This page is for adult patients. For pediatric patients, see: appendicitis (peds)


  • Most common nonobstetric surgical emergency in pregnancy
  • Most commonly caused by luminal obstruction by a fecalith
  • There are no historical or physical exam findings that can definitively rule out appy

Clinical Features


  • Early on primarily malaise, indigestion, anorexia
    • Later patient develops abdominal pain
      • Initially vague, periumbilical (visceral innervation)
      • Later migrates to McBurney point (parietal innervation)
  • Nausea, with or with out emesis, typically follows onset of pain
  • Fever may or not occur
  • Urinary symptoms common given proximity of appendix to urinary tract (sterile pyuria)
  • Sudden improvement suggests perforation
  • 33% of patients have atypical presentation
    • Retrocecal appendix can cause flank or pelvic pain
    • Gravid uterus sometimes displaces appendix superiorly → RUQ pain

Physical Exam

  • Rovsing sign (palpation of LLQ worsens RLQ pain)
  • Psoas sign (extension of right leg at hip while patient lies on left side elicits abdominal pain)
  • Obturator sign (internal and external rotation of thigh at hip elicits pain
  • Peritonitis suggested by:
    • Right heel strike elicits pain
    • Guarding

Clinical Examination Operating Characteristics

Procedure LR+ LR-
RLQ pain 7.3-8.4 0-0.28
Rigidity 3.76 0.82
Migration 3.18 0.50
Pain before vomiting 2.76 NA
Psoas sign 2.38 0.90
Fever 1.94 0.58
Rebound 1.1-6.3 0-0.86
Guarding 1.65-1.78 0-0.54
No similar pain previously 1.5 0.32
Anorexia 1.27 0.64
Nausea 0.69-1.2 0.70-0.84
Vomiting 0.92 1.12

Differential Diagnosis

RLQ Pain



  • CBC
    • Normal WBC does not rule-out appy
  • Urinalysis
    • Sterile pyuria or hematuria consistent with appy
  • Urine pregnancy
  • CRP
    • Normal CRP AND WBC makes appy very unlikely


  • Early surgical consultation should be obtained before imaging in straightforward cases
  • Not universally necessary; consider in:
    • Women of reproductive age
    • Men with equivocal presentation
  • Perforation may result in false negative study
  • Imaging modalities
      • First choice for pregnant women and children
      • Limitations: operator-dependent, difficult to visualize with obesity, gravid uterus, bowel gas, guarding, lack of patient cooperation
      • Findings: noncompressible appendix >6mm in diameter, wall thickness greater or equal to 3 mm
      • Other supportive findings: aperistalsis, distinct wall layers, target appearance in axial view, appendicolith, periappendiceal fluid, prominent echogenic periappendiceal fat
    • CT
      • First choice for adult males and nonpregnant women with equivocal cases
      • Women derive the greatest benefit from preoperative imaging (lower neg appy rate)
      • Contrast (both PO and IV) is unnecessary but typically ordered
    • MRI
      • When unable to identify appendix in children or pregnant women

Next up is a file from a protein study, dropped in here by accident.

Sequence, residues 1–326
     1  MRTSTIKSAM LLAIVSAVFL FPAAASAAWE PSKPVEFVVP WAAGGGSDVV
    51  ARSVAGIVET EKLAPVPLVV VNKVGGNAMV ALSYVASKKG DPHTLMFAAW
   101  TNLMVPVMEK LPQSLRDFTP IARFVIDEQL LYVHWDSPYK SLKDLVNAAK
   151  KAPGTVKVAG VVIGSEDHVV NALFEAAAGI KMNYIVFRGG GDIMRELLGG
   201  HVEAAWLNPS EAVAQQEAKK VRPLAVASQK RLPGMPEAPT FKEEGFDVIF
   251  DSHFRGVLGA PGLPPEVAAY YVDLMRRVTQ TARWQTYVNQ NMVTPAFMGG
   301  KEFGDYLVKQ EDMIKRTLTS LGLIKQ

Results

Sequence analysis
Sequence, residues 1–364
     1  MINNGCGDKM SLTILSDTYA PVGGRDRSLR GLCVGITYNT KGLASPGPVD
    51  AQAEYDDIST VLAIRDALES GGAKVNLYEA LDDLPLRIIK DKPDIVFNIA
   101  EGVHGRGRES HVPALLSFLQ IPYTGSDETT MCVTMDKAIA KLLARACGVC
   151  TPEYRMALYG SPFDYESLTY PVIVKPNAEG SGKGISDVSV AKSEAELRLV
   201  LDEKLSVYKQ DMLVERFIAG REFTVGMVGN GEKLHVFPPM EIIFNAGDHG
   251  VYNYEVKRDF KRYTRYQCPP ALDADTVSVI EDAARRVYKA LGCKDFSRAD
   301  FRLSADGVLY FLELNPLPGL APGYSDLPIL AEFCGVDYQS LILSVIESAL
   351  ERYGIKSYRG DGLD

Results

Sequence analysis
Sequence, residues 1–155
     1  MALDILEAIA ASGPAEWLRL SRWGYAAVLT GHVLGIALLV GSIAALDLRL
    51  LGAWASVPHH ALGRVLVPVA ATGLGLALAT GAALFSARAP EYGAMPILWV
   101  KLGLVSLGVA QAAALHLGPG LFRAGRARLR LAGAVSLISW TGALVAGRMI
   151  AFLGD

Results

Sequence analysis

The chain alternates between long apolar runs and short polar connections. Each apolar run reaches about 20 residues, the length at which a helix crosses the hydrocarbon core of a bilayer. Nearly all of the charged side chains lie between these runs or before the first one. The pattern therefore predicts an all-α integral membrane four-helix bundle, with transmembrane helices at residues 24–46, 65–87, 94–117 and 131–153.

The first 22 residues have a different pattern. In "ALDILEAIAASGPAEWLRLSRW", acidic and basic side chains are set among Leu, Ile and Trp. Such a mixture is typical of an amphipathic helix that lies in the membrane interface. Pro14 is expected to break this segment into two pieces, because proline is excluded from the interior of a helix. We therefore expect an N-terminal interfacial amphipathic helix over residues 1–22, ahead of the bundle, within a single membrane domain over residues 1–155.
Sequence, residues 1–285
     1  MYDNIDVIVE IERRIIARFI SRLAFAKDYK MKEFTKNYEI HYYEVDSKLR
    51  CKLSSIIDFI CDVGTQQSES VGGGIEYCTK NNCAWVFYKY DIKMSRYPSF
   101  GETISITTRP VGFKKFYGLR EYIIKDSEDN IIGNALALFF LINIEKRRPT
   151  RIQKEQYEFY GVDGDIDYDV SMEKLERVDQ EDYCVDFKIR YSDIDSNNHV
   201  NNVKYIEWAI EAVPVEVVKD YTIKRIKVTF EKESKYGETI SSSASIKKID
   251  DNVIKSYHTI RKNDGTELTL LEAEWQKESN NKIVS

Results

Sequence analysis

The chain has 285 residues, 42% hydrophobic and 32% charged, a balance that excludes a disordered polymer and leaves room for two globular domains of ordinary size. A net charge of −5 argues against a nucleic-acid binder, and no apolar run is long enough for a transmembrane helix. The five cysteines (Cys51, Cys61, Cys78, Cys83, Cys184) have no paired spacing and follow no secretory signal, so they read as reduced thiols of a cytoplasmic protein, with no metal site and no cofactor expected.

Clinical Scoring Systems

Alvarado score

Right Lower Quadrant Tenderness+2
Elevated Temperature (37.3°C or 99.1°F)+1
Rebound Tenderness+1
Migration of Pain to the Right Lower Quadrant+1
Nausea or Vomiting+1
Leukocytosis > 10,000+2
Leukocyte Left Shift+1

Clinical scoring system, where a score (Total=10) is composed on presence/absence of 3 signs, 3 symptoms and 2 lab values to help guide in case management.

  • ≤3 = Appendicitis unlikely
  • ≥7 = Surgical consultation
  • 4-6 = Consider CT

MANTRELS Mnemonic: Migration to the right iliac fossa, Anorexia, Nausea/Vomiting, Tenderness in the right iliac fossa, Rebound pain, Elevated temperature (fever), Leukocytosis, and Shift of leukocytes to the left (factors listed in the same order as presented above).


Supportive Management

  1. NPO status
  2. Fluid resuscitation
  3. Analgesia/antiemetics


Coverage should extend to E. coli, Klebsiella, Proteus, and Bacteroides (an anaerobe)

Adult Simple Appendicitis

Antibiotic prophylaxis should be coordinated with surgical consult


Pediatric Simple Appendicitis


Complicated Appendicitis

Defined as perforation, abscess, or phlegmon


Cautious use should be applied to use of fluoroquinolones in complicated pediatric appendicitis due to the risk of tendon injury


  • Open laparotomy or laparoscopy
    • Patients who present <72 hours after the onset of symptoms usually undergo immediate appendectomy
    • Patients who present >72hrs and have perforated appendix may be treated initially with antibiotics, intravenous fluids, and bowel rest


Admission for surgery



  • Either a simple wound infection or an intraabdominal abscess
    • Typically in patients with perforated appendicitis

Recurrent appendicitis

  • Occurs in approximately 1:50,000 appendectomies [2]
  • Typically caused by inflammation of the remaining appendiceal stump
    • Can also be caused by a retained piece of the appendix not removed during surgery [3]
  • Can present similar to primary appendicitis
  • Treatment similar to that of primary appendicitis and likely requires surgical revision of the appendiceal stump or removal of retained tissue
  • Delay in diagnosis and treatment can result in perforation and sepsis

See Also


  2. Hendahewa R. et al. The dilemma of stump appendicitis - a case report and literature review. Int J Surg Case Rep. 2015; 14: 101-3.
  3. Boardman T. et al. Recurrent appendicitis caused by a retained appendiceal tip: A case report. The Journal of Emergency Medicine. 2019; 57: 232-4.
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